Propofol does not affect the reliability of early EEG for outcome prediction of comatose patients after cardiac arrest

Barry J. Ruijter*, Michel J.A.M. van Putten, Walter M. van den Bergh, Selma C. Tromp, Jeannette Hofmeijer

*Corresponding author for this work

Research output: Contribution to journalArticleAcademicpeer-review

11 Citations (Scopus)

Abstract

Objective: To quantify the effects of propofol on the EEG after cardiac arrest and to assess their influence on predictions of outcome.

Methods: In a prospective multicenter cohort study, we analyzed EEG recordings within the first 72 h after cardiac arrest. At six time points, EEGs were classified as favorable (continuous background), unfavorable (generalized suppression or synchronous patterns with ≥50% suppression), or intermediate. Quantitative EEG included measures for amplitude, background continuity, dominant frequency, and burst-suppression amplitude ratio (BSAR). The effect of propofol on each measure was estimated using mixed effects regression.

Results: We included 496 patients. The EEG after propofol cessation had no additional value over EEG-based outcome predictions during propofol administration at 12 h after cardiac arrest. Propofol was associated with decreased EEG amplitude, background continuity and dominant frequency, and increased BSAR. However, propofol did neither increase the chance of unfavorable EEG patterns (adjusted odds ratio (aOR)0.95 per increase of 2 mg/kg/h, 95%-CI: 0.81–1.11)nor decrease the chance of favorable EEG patterns (aOR 0.98, 95%-CI: 0.89–1.09).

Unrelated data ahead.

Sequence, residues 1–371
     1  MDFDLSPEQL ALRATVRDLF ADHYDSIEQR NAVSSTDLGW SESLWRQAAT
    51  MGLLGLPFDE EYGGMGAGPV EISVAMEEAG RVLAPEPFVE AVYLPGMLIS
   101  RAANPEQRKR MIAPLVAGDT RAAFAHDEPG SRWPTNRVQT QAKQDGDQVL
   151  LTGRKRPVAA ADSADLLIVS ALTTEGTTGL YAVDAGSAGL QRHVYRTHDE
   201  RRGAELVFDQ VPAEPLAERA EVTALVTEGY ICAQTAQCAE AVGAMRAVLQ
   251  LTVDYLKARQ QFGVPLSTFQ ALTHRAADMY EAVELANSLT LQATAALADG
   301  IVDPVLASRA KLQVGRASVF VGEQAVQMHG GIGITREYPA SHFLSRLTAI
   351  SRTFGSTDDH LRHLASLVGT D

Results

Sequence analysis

Conclusions: Propofol induces changes of the postanoxic EEG, but does not affect its value for the prediction of outcome. Significance: We confirm the reliability of EEG-based outcome predictions in propofol-sedated patients after cardiac arrest.

Original languageEnglish
Pages (from-to)1263-1270
Number of pages8
JournalClinical neurophysiology
Volume130
Issue number8
DOIs
Publication statusPublished - 1 Aug 2019

Keywords

  • Electroencephalography
  • Outcome prediction
  • Postanoxic encephalopathy
  • Propofol
  • Quantitative EEG
  • Sedative medication

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